Do your best to keep crap food out of your house, and pre-prepare bite sized snack foods (like sliced apples, baby carrots, etc) in your fridge for when you get hungry but don't want to gorge on a full sized meal. It's very easy to grab a bag of candy and munch on, but it's not very healthy. This way, you are forced to correct your snacking habits for the better. It's also easier for those who can't cook (me!), it's better to have something healthy than to stock up on ramen soup. Nuts, barley, oats and grains might not cut it though, so for those instances where you want something savory, soup and bread is always the best option.
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Re: Simple tips for being healthy on a budget

Postby Enigma » Wed Dec 15, 17:13 2010

Frozen veggies - often way cheaper than fresh and equal in nutrition and usually just as good.

Go as simple as possible. - For example a box of packets of oatmeal are probably around 4-5 dollars. Cereal and milk costs even more. That much in steel cut oats at a bulk store will last you a year. And if you cook a bunch at the beginning of the week and put it in your fridge you can add some water and microwave just as fast. Add some brown sugar, cinnamon, raisins, or fruit if you find it plain. Throw some toast with that and it's a fast and crazy cheap breakfast.

Don't buy any sort of drinks. - Drink water, it's free(ish) and also healthier. Buy drinks as a treat.

Buy rice and beans. - Make them interesting. Throw some veggies and sauce in there. (I like chickpeas and sweet potato on brown rice with some fried onions and some rice vinegar.) But it's cheap, filling, and full of protein.

Watch for sales and coupons. - throwing out some money for 10 cans of pasta sauce may not seem like it makes sense but if they're half off it'll save money in the long run. (but! watch out for sales on brand name stuff that doesn't bring it down as low as the off brand stuff. They're sneaky like that. And don't buy a ton of something you don't usually eat thinking you'll start eating it. Or a ton of perishable things you don't have freezer space for.) I hear the coupons in the states are crazy so some of this may not apply.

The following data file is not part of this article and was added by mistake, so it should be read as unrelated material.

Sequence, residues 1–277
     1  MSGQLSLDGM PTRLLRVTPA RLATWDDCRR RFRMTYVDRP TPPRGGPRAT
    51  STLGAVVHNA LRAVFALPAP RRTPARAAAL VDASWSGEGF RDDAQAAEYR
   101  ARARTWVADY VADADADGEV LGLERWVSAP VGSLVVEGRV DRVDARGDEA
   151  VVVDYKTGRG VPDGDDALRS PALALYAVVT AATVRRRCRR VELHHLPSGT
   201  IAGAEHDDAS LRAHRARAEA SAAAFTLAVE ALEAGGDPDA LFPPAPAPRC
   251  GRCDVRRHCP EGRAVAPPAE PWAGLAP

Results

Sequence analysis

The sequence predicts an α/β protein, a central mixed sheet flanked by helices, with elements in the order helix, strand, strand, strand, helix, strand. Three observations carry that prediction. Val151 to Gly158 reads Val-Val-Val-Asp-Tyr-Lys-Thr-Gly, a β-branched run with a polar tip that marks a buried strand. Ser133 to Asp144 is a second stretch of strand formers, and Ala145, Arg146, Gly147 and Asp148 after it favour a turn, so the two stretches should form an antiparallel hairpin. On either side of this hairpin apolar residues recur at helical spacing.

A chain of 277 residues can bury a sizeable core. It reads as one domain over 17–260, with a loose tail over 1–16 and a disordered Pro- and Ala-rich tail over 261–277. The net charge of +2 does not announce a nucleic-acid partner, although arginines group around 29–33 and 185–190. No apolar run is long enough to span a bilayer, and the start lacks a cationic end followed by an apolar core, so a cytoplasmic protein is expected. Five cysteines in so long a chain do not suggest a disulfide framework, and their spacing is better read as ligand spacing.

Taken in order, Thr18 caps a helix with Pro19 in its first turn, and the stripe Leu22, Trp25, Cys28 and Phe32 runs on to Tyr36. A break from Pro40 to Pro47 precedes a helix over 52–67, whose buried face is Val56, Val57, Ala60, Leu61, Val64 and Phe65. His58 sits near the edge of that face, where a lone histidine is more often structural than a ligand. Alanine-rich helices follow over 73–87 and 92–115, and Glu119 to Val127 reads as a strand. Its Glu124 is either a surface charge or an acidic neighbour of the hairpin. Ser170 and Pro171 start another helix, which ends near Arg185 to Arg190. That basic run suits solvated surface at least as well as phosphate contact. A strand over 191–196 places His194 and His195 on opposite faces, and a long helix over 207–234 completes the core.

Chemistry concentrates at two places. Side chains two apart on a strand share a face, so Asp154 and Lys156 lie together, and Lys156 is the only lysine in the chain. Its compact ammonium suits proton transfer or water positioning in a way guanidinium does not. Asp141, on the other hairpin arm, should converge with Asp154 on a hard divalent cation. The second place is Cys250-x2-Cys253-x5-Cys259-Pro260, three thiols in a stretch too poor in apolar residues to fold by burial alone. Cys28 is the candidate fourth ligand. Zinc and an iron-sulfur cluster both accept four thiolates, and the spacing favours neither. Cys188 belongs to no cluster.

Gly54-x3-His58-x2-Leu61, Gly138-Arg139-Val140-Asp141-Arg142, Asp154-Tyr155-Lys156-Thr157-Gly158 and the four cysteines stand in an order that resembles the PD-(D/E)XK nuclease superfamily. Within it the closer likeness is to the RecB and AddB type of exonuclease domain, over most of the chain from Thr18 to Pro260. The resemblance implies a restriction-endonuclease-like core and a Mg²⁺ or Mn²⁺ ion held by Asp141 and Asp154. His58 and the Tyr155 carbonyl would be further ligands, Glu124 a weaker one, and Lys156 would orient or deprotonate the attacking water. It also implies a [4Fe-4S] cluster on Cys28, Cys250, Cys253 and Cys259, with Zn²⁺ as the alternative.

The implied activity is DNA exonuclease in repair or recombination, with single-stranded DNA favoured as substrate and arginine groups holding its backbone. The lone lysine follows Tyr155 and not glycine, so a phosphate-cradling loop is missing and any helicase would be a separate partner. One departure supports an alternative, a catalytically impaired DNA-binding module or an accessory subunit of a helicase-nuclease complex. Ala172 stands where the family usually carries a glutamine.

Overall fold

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Re: Simple tips for being healthy on a budget

Postby newlydiscovered » Wed Dec 15, 17:29 2010

My personal favourite is potato + leek (somewhat less healthy though). I also don't really measure so I'm guessing about amounts. This would probably make about 4-6 meals, depending on how hungry you are and if you have bread or something with it.

1 clove garlic
1/2 a brown onion
1 large leek (white part only)
1-2 tbsp olive oil
4 medium-large potatoes (I usually use bintje)
2 cups stock (I use chicken because I think it's more hearty, but you can use any. Preferably one that says 'natural ingredients' or 'reduced salt')
100ml ish (or to taste, depends how smooth you want it) milk/cream/sour cream/other substitute
pepper to taste

Optional: grated cheese, preferably parmesan if you can afford it.

Peel and cut potatoes into chunks and boil until soft. Drain and set aside.
Heat oil in a large pot on medium heat
Finely chop garlic, onion and leek and add to oil. Cook for 2-3 mins (if it starts to go brown, your heat is too high, take it off before it burns!)
Add stock and cooked potatoes. I usually kind of squash them a bit with the spatula before taking it off the heat and blending with a hand blender, then add the milk/whatever, pepper and cheese (optional) and blend some more. Then return in to the heat for a few mins to heath through.

If you're going to use a jug blender BE VERY EFFING CAREFUL with the hot liquid. I was at my bf's mother's place on the weekend and as she was blending her hot soup the air pressure must've built up and it sort of exploded and splashed her face. We had to spend 2 hours in an emergency room to get her seen (she's ok, but it looked very painful).

You can play with the recipe as much as you like. Swap the normal potatoes for sweet potato and butternut pumkpkin and add 2 tbsp lemon juice, a little cinnamon and paprika and swap the milk for coconut milk and you've got a spiced soup that's great in winter (maybe use a smaller leek too, but I like leek).
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Re: Simple tips for being healthy on a budget

Postby kelsa » Wed Dec 15, 20:54 2010